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Charlie Hickey by Ejatu Shaw 12760034

On the Rise
Charlie Hickey

27 July 2022, 08:30
Words by Steven Loftin
Original Photography by Ejatu Shaw

The music of Saddest Factory signee Charlie Hickey is a flickering snapshot of his life.

The moment he was born, Charlie Hickey was surrounded by music. Raised in Pasadena, California, his parents are the “neurotic musicians” he sings of on “Mid Air”, the third track on debut album Nervous at Night. “I listened to them play around the house or watched footage of them playing in their bands,” he recalls. “I think I am very influenced by that. And they're both great songwriters in their own right.”

The romanticising of being a musician – and its encouragement from such a young age – meant Hickey's career was a natural manoeuvre. Is it everything he'd hoped? “I mean, it's interesting," he tells me. "I have to often remind myself that I am doing what I have been dreaming about doing for years because you forget or you get caught up in complaining about something but it's important to snap out of that and remember that actually, yes, it is less romantic than people make it out to be but also it is really so much fun.”

As we amble around the centre of Brighton looking for photoshoot backdrops, Hicky oozes California cool – that easy, breezy way of living that comes from somewhere that nurtures encouragement and positivity. The music he was raised on outside of his parent's tastes (from The Beatles, through to Nirvana) is obvious; his sparse, emotionally driven musings owe a debt to the likes of Radiohead and Elliot Smith. Nervous at Night is a stitched series of vignettes and inane moments that strike like lightning, backed by ghostly guitar and phantom piano. “Fell asleep / In a theatre seat / With a water bottle filled with wine,” Hickey confesses on its opening track – he’s also relatable.

“Elliot, and like Conor Oberst I feel were the first writers that I heard portraying emotion in such a vulnerable way,” he says. “But I do think also, like, what is cool about them? It's that their music, it's vulnerable, but it has teeth to it as well.”

Hickey admits his is “a profession in an industry that does reward having strong feelings – often bad feelings – so obviously, there's the danger for that to get romanticised a lot. We've seen it happen so many times. And so I try to look kind of resist falling into that trap of identifying too much with it or sadness.”

Finding his feet as a songwriter of this ilk took Hickey a while. "Everybody gets their start by emulating other people and trying to cultivate the thing that you think is cool," he explains, "which is obviously different than being vulnerable – it's often not fun or cool to do and can feel scary or painful. So I even still can struggle to do that. But I think I'm doing it now because I think people just respond to that, you know, they can tell when you're not being honest.”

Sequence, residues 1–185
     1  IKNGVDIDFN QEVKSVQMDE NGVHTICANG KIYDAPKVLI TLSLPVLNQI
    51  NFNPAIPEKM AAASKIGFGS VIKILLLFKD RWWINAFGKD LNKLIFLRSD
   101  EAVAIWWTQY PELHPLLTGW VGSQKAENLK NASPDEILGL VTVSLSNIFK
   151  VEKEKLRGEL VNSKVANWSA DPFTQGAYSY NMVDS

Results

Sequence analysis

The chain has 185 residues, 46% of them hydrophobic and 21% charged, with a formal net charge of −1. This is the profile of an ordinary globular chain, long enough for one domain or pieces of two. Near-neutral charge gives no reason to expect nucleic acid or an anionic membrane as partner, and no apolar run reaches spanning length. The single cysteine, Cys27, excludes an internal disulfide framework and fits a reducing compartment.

That kind of honesty is what has helped Hickey's Pasadena childhood friend Phoebe Bridgers become a cultural force and launch her own label – Saddest Factory, also home to MUNA, Christian Lee Hutson, and of course, Hickey. Signing up was where Hickey’s story began taking on its form. “It felt very organic," he recalls, "just because Phoebe’s a lifelong friend. We grew up together and grew up playing music together so I guess it was a very untraditional way of finding a label in that way, but it feels really special. It's a big moment when somebody believes in you that much, and I mean, I've always believed in Phoebe, and I think she's always believed in me. So I feel like I've always kind of had an encouraging presence, even before the label.”

It’s hard to not make comparisons between the music both artists make: it's detail-fuelled, diaristic and presents reality through gleaming eyes and soft guitars. While Hickey’s particular brand hides pop elements hidden beneath the shimmering clouds of folk, there’s no denying that there’s something in the water. “The community definitely exists,” acknowledges Hickey. “It’s a very multi-faceted community in this, but it existed before I became part of it. They have their own universe in a way but we do all collaborate and it's great, I'm just happy to be able to know them.”

Nervous at Night was released alongsdie the turbulence of leaving his hometown to go to college and some of the record's older songs – including “Springbreaker” and “Month of September" – are, Hickey says, “wild to hear now, because I still feel like they are from a different perspective than I have now. I appreciate that perspective.”

Embarking through your twenties is difficult at the best of times, but having reference points created from moments of scrawling in a diary and twinning them with music helped Hickey weather through the worst. “I hear songs that I wrote about things and I'll be like, damn, I don't identify with that way of thinking about it anymore,” he smiles. “I’ve realised the thing that's cool about songs is you hear them differently every time you listen.”

“I would love for other people to identify with my songs, but also hearing a song and not identifying with it, but just getting lost in someone else's experience – I would invite people to do that as well. I don't need to find ways to connect people with themselves necessarily, but that's great. I don't really have one thing that I would like to feel about it, you know?”

Nervous at Night is out now via Saddest Factory

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